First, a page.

On 9 January Irish prime minister Enda Kenny and EU council president Herman Van Rompuy discussed the problems that need to be resolved in the EU. The greatest challenge for Ireland will be to bring its own interests in line with those of the European Union, the Spanish daily writes: 'One of Dublin's principal goals will be to advance the banking union because it needs a solution to the problems of its own banks and its public debt to avoid having to apply for another bailout this year. The need to bring its search for solution to its own problems in harmony with its obligation to defend Europe's general interests will be the biggest challenge of its six-month presidency. The Irish request [for a special arrangement for getting its banks back on track] may be justified, but using its presidency to resolve its own problems is not something one would expect of a country that has so far given so many demonstrations of exemplary behaviour'

Read 'Las responsabilidades de Irlanda' on La Vanguardia online

'Ireland wants to distribute regional funds among greater number of states' - Ziare, Romania

In taking over the rotating EU presidency, Ireland must also deal with the struggle over the new EU budget, news Romanian website comments, fearing this will have negative repercussions for Romania: 'The budget negotiations will grow more difficult because Ireland wants to distribute the regional funds among a greater number of states. It wants not just less developed EU regions like eastern Europe and Romania to receive funding, but also countries like Ireland, Spain, Portugal and Poland. However this means Romania may lack partners in its call for the EU budget to remain at its present level. Without a coherent strategy and without a lobby Romania won't be able to play its trump cards and will have to make do with the crumbs left over by the power games of the established countries' (Victor Negrescu)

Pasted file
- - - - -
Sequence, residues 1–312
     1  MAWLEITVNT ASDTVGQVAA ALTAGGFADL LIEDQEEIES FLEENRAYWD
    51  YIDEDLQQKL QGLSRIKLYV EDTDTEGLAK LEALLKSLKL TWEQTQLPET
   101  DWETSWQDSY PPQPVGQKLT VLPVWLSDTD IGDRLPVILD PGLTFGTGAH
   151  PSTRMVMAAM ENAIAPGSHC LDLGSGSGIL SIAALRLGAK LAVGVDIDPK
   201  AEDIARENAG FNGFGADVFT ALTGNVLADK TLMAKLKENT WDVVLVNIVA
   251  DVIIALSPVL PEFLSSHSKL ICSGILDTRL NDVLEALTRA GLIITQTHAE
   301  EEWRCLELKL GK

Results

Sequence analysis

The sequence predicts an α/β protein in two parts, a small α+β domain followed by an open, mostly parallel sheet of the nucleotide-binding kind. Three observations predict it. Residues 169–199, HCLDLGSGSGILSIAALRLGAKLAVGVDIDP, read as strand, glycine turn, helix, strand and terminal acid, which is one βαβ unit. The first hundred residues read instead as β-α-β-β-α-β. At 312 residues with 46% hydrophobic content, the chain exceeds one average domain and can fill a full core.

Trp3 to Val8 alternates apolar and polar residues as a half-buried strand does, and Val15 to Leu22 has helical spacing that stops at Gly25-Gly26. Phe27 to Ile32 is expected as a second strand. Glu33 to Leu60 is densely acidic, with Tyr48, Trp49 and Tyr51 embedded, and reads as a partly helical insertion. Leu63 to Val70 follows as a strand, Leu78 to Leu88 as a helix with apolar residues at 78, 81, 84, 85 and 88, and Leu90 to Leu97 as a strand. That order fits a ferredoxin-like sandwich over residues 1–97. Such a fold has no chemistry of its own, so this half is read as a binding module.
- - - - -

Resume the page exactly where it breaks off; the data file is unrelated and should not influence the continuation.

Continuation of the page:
Read 'Ce poate obtine Romania de la bugetul european' on Ziare online

'Democracy diminished not enhanced' - Irish Independent, Ireland

The hymns of praise sung by the Irish government to the European project are just hot air, the left-liberal daily Irish daily writes, accusing the EU of a lack of understanding as far as democracy is concerned: 'The event conformed with myth-making which is part of our current self-evaluation as it is also that of the EU. The award of the 2012 nobel peace prize to our European/EU rulers was the latest bit of such myth-making, an attempt to create the nerroneous idea that Europe's great contribution over the past 60 years has fostered peace where there was war and has spread democracy, protecting and enhancing it. The EU has not done that. Democracy has been diminished not enhanced. We do not elect those who primarily govern us. We are now governed by EU bureaucrats unelected and overweening in their arrogance. Others have fought the wars establishing peace' (Arnold, Bruce)

Read 'Bruce Arnold: Britain could teach us a thing or two in butting heads with Brussels' on Irish Independent